Freezer Cooking for the Busy Mom (Two Hours and Ten Meals? Yes, Please)

A common sentiment when it comes to eating real, whole, from-scratch foods is that (while we know they’re good for us) they can be time consuming to prepare.

It’s a real deterrent for a lot of people who want to eat better, but feel they just don’t have the time and energy to do it.

I totally get that. As I shared in my “day in the life” post this week, my life is often busy, and at times, it’s downright hectic.

There are many ways to turns real food ideals into dinner on the table, and one of them that I have turned to frequently in the past is freezer cooking.

Now, before some of you groan, you should know that the idea of freezer cooking is making a resurgence. Just try searching for “freezer meal” on Pinterest. I dare you.

Not Your Mother’s Make-Ahead and Freeze Cookbook

My friend Jessica, of Life as Mom and Good, Cheap Eats, has this to say about the renaissance of freezer cooking:

Some folks might thumb their nose at “cook and freeze” meals. Perhaps they’ve had bad experiences; maybe they’re haunted by a memory or two of Mom’s Mystery Meat Casserole. How- ever, those are relics of the past! I am a self-proclaimed food snob, yet after finding and developing recipes that really work for my family, I’ve found bulk cooking to be a happy compromise between a busy life, a tight budget, and a desire for good, home-cooked food…

We live in an age of instant gratification. While hard work is still important, ours is a fast-paced society. But good home cooking still has a place in it. Through careful planning and making use of modern technologies, I’m now able to prepare 20 to 30 breakfasts, lunches, or dinners in a matter of hours.

Donna Reed, it’s time to meet Jane Jetson. While we may not have machines producing food to order the way the Jetsons did, we can have tasty, healthy meals at the ready without an inordinate amount of work.

Taken from Not Your Mother’s Make-Ahead and Freezer Cookbook

Her own experience of adapting the traditional once-a-month freezer cooking style into something more manageable (and better tasting) helped her to put nutritious and tasty meals on the table for her family of eight.

Just in time (guess what I’ll be doing this week?)

For me, this cookbook review couldn’t have come at a better time. Only last week I was searching through Pinterest for freezer cooking inspiration, knowing that to keep putting decent meals on the table right now, I needed a plan to lighten my cooking load.

My search for inspiration ended when Jessica’s book landed in my inbox (I’m still awaiting my hard copy in the mail). It was exactly what I needed!

What particularly drew me to her book was:

  • She loves to eat fresh foods and plenty of produce. She has crafted her style of make-ahead meals so that they reduce most of the hands-on prep, but still allow her to incorporate plenty of fresh ingredients. It might mean marinated meats, pre-made sauces or seasoning mixes, or meal elements (pre-cooked meats, beans, etc.) that can be made into a variety of different meals, depending on your mood or what you have on hand.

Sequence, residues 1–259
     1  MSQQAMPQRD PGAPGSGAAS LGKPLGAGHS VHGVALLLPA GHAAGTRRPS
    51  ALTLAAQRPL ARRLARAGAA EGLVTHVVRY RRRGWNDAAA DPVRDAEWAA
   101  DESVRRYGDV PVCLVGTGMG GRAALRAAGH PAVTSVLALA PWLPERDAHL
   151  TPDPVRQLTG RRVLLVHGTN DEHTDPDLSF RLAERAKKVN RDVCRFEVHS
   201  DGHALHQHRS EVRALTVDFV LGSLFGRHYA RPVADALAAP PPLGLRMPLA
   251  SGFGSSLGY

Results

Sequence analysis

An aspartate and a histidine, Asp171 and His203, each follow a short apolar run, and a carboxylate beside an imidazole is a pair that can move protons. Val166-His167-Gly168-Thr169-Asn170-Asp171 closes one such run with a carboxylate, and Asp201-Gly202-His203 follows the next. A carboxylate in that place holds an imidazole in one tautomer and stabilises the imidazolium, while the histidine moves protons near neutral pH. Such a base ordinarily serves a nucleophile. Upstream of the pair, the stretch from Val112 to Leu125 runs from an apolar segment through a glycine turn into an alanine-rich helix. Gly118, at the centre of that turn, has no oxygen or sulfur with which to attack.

• She has created plans that range in time commitment from 2 hours or less (with a 10 meal takeaway), 3-4 hours (18+ meals), or up to 1 day (25+ meals). While I can rarely commit a full day to cooking, I could definitely find time to cook for 3-4 hours once in a while (weekends?) or 2 hours or less frequently (one afternoon every two weeks?).
  • She shares techniques for maximizing your time spent in the kitchen, even if you’re not doing one of the actual cooking plans or spending more than an hour. Try making one extra meal while you cook dinner, or pulling together a couple easy recipes if you have a spare hour, doubling dinner a couple nights per week, or even just putting a meal in the crockpot to simmer all day so that you have something extra to freezer at the end of the day.

Pre-made plans to get you started

One super-smart aspect of how Jessica has arranged her plans (and what she suggests that you do as you learn to stock your freezer) is to focus on one protein type at a time. Whether it’s beef, poultry, or meatless, or even breakfast meals to make morning smoother, you can pick just one area to focus on which only serves to streamline your process and make your time use more efficient.

I’ve already decided that since I just purchased 50 lbs of beef last weekend, I’ll be doing the Beef Plan- 2 hours (or less) this week. It comes with a shopping list, supply list, and an action plan, as well as (of course) all the necessary recipes. Having done plenty of freezer cooking over the last 5 years, I can tell that these plans are realistic and feasible to complete within a couple hours.

I’ll probably swap out one or two of the recipes for different ones from the book, just based on the cuts of meat that I have on hand, but since the plan is already laid out for me, making the substitutions will be a snap.

I only wish I had already been able to try and review a few of the recipes from this book, but I will tell you that I’ve tried several recipes from her blog Good, Cheap Eats and they haven’t failed me yet. Especially her Shredded Beef Filling. Amazing. Every time I make it with a large roast, I wind up with extra packages of tasty, seasoned, shredded beef to put in the freezer and then pull out when I need a fast and simple dinner option.